Though you’d never realise it from the rhetoric, only around half of the UK population are actually fully immunised and vaccine uptake has been slowing down. Close to 70% have had at least one dose, but those who have received one dose are more vulnerable than people with both doses to breakthrough Delta infections. Some will end up bedridden for days and the numbers will increase over time, because exponential growth can outpace any vaccination campaign.
Overall, it’s quite simple. Yes, vaccines make it much less likely you’ll get infected or ill; but if the virus isn’t there, it definitely can’t infect you. Tens of thousands of new cases every single day mean you are more likely to be exposed to multiple potential sources of infection, meaning more people becoming ill.
But perhaps the most serious impact of this outbreak will be on those who are, for whatever reason, unable to benefit from vaccination. This includes people with other conditions that mean it is not safe to vaccinate them, or those who are immunocompromised for whatever reason and may not be able to mount a good immune response. It includes too those who have been struggling with vaccine access and are concentrated in deprived areas where infections can spread more quickly.
Having spent the pandemic to date in the US, I travelled to south London this month and got a taste of the incoherent pandemic theatre which proved so unequal to handling the Delta variant. At a funeral, due to Covid restrictions, vaccinated mourners were not permitted to place a flower on a coffin. At the same time, masks were optional in schools, and tens of thousands of fans crammed into Wembley and pubs around the country to watch football.
People are still lining up to get vaccinated – I’ve seen it myself. At the chemist where I took my test, there was a steady stream queueing outside the door to get the jab. They weren’t all in their 20s or 30s, either. A large uncontrolled Delta wave adds to the risk of these groups getting infected.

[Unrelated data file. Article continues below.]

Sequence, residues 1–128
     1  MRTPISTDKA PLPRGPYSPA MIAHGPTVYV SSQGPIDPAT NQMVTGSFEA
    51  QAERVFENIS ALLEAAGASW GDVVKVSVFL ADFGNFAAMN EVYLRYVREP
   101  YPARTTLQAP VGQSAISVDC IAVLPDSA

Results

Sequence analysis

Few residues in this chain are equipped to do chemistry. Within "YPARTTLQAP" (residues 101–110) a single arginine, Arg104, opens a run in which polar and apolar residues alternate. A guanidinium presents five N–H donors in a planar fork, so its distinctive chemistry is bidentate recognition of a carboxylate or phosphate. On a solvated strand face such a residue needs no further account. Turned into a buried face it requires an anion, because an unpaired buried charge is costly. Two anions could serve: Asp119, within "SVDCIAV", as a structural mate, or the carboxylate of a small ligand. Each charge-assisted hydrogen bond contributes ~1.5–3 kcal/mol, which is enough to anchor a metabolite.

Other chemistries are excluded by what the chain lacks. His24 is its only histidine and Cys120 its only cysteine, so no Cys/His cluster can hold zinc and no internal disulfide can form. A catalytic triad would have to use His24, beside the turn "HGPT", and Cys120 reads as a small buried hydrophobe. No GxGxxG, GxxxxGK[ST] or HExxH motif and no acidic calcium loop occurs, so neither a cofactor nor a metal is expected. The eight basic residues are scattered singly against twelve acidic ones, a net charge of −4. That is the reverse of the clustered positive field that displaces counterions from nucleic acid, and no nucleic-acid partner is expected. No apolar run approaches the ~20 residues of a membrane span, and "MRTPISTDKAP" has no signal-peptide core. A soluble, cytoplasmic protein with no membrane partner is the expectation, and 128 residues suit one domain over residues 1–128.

Of course, everyone is exhausted and wants the pandemic to be over. The English government has opted to hasten that with a massive uncontrolled exit wave. You can almost hear the anxiety in chief medical adviser Chris Whitty’s voice as he gives his televised briefings. He knows that you toy with exponentials at your peril. After the last year, it is hard to imagine anyone could forget.
Various politicians are nervily muttering about voluntary mitigation measures such as masks, which would be eminently sensible in a situation where infections were low but which will do little right now.
We test vaccines with exquisite care to ensure they are safe, and sometimes rare side-effects are found only after millions of doses have been administered. We don’t need to see that number of Covid cases to know that the risks of infection are vastly greater than those of vaccination, even in the younger age groups in which the pandemic is now rampant.
Some of those people might not even get the chance to be vaccinated. Instead, the exponential growth that has been allowed for months means the virus will continue to kill people and leave others to suffer before the doses even get to them. Because when it came down to it dates, not data, are what mattered.
Dr William Hanage is a professor of the evolution and epidemiology of infectious disease at Harvard